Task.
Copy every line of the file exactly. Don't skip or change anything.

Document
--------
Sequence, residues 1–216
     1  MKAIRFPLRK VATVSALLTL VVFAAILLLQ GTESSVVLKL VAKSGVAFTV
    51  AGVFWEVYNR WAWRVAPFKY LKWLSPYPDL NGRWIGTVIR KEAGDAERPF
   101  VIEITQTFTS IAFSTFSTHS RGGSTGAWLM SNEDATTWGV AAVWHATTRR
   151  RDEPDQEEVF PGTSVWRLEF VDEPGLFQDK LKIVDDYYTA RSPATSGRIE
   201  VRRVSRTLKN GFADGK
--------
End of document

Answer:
Sequence, residues 1–216
     1  MKAIRFPLRK VATVSALLTL VVFAAILLLQ GTESSVVLKL VAKSGVAFTV
    51  AGVFWEVYNR WAWRVAPFKY LKWLSPYPDL NGRWIGTVIR KEAGDAERPF
   101  VIEITQTFTS IAFSTFSTHS RGGSTGAWLM SNEDATTWGV AAVWHATTRR
   151  RDEPDQEEVF PGTSVWRLEF VDEPGLFQDK LKIVDDYYTA RSPATSGRIE
   201  VRRVSRTLKN GFADGK